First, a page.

It’s likely many of your users created similar category labels that can be combined (e.g. About, About us, About [name of organization]). At this point you should start to see groupings and trends. Major groupings will be obvious, but around the edges, groupings are not as clear and will require your judgment. (Tree testing will help confirm you’ve chosen the correct labels and groupings.)
6. Build or update your navigation. Take your findings and build a navigation that is easier and more intuitive for you and your users.
Following up with tree testing
Now that you have a workable navigation, some simple tree testing will help confirm your findings:
1. Build a menu for testing. This can be an html prototype or simply a list of your primary (top level) navigation items on a piece of paper.
2. Ask your users “Where would you go to find X?” Use the content from the cards you created for your sorting exercise.
3. Adjust your navigation as needed.
Getting the information to fulfill your goals
Card sorting and tree testing is an effective exercise for gathering insights from your users for organizing your content. Involving your users in the process will help ensure you’re speaking their language, after all they are the people using the site.
[Ed. - Check back for the next post of Michael’s series on user research with Usability Studies. If you missed it, be sure to read the first post on In-Depth User Interviews.]
Buzzword – n. a word or phrase, often an item of jargon, that is fashionable at a particular time or in a particular context.
These words are trendy, fashionable, this season’s latest fad. They should not be loaded into each and every piece of work we create and used until the end of time. Words like these were meant to refresh and have become cliché. We hear and use them so often that they tend to invade other aspects of our work, diluting the value of what we produce.
As an avid reader and occasional writer, I know that I might put more emphasis on word choice than others, but some of these words just aren’t going to work anymore. Word choice heavily impacts the impression we give off to others (there’s my PR background sneaking up). If we speak to users in a whirl of buzzwords, they won’t know what to think about us.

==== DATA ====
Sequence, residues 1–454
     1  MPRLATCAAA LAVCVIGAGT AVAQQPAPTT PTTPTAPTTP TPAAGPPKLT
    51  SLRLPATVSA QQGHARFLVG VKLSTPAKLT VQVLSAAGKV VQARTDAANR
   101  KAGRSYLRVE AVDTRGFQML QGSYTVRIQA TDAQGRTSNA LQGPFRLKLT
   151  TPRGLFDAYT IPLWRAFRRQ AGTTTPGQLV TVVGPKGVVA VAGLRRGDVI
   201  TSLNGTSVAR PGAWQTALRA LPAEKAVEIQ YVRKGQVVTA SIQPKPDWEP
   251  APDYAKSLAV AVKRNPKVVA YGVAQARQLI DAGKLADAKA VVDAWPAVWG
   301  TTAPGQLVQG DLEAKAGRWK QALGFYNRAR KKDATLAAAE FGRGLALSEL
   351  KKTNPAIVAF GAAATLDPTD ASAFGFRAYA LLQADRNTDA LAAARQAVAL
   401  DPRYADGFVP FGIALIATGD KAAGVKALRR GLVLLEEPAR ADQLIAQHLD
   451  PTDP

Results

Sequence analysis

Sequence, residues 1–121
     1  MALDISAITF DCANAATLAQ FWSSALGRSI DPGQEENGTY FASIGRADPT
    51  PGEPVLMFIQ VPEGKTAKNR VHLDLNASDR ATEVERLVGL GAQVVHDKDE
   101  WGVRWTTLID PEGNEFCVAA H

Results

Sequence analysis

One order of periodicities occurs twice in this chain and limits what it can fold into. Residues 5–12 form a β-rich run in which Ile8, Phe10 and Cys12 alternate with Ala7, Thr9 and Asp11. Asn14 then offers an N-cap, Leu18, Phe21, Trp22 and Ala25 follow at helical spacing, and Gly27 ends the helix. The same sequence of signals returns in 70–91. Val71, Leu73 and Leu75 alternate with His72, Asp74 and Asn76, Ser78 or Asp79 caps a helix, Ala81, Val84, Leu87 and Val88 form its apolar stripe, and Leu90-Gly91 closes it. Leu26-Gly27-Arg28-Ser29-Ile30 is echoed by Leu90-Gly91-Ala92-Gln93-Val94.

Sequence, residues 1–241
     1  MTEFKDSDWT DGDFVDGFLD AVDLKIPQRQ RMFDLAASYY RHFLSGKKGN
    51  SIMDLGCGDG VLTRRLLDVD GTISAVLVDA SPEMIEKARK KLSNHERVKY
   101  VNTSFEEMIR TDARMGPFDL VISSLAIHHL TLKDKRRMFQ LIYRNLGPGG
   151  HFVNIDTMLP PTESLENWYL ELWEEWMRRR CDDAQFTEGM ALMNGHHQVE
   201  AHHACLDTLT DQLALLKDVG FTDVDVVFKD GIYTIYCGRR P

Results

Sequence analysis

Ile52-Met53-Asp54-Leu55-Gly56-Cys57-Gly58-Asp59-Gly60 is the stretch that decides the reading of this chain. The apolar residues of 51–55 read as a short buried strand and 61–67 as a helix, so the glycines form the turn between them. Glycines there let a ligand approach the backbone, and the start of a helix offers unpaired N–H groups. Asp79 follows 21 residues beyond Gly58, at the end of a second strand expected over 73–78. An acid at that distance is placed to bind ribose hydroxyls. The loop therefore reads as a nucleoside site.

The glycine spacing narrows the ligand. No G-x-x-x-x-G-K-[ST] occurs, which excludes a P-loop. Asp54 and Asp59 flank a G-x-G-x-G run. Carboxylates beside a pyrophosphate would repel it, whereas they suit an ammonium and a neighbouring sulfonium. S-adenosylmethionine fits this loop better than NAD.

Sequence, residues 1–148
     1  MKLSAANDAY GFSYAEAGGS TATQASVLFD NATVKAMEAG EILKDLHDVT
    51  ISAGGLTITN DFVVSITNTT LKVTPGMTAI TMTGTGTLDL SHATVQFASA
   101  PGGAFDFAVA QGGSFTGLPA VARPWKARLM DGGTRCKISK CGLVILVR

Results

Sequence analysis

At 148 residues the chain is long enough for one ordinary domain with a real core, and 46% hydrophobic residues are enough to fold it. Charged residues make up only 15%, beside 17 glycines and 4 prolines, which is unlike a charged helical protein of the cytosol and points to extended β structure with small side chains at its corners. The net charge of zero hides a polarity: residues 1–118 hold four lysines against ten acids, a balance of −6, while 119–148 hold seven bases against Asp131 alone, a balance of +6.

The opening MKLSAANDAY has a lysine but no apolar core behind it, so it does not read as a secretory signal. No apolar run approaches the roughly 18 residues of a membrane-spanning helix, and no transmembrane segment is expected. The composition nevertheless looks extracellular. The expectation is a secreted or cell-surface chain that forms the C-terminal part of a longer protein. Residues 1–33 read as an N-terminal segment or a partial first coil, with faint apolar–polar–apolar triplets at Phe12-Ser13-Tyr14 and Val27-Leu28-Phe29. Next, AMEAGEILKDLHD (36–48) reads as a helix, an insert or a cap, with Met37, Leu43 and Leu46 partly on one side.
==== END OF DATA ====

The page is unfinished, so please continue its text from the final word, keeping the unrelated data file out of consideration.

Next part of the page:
The Usual Suspects
Using buzzwords dilutes our meaning and creates skepticism within our audience. They become throw-away words and almost ensure what we are trying to convey won’t be heard. For example, a content strategy filled with buzzwords is stale and forgettable, whereas language that is thoughtful and precise will better convey your message and engage your readers. Try your best to avoid these words and you might actually reach your users:
- Thought leader
- Low hanging fruit
Although I cannot share exact quantitative data on the overuse of these words, I am sure you are nodding your head in agreement when you read the list. These words have become ubiquitous background noise. I am even prone to using them once in awhile. The one I use often (unfortunately), is “out-of-the-box.” I have no idea how big the box is or what happens inside, but no matter what, every idea and concept should be beyond said box or ready to go when it is removed from the box.
It’s All in How You Say It
You don’t need to use these words to sell your ideas or products. Use the descriptive words and phrases that come natural to your vocabulary. You will seem far more credible with this approach. People are going to believe what you are saying and feel that they received something valuable from you and your team.
Whatever content you are creating needs to be comprised of words your user understands and would use themselves. If they cannot understand what you’re saying, how will they see the value of your work? Consider your audience and use words that are timeless to them. Make sure that whenever your content is picked up, it’s relevant and makes sense to your audience. Show that you and your organization don’t fall into the habit of following trends. Your word choice reflects your work. Make sure the content comes across as great, timeless and not “rad” or “tubular.”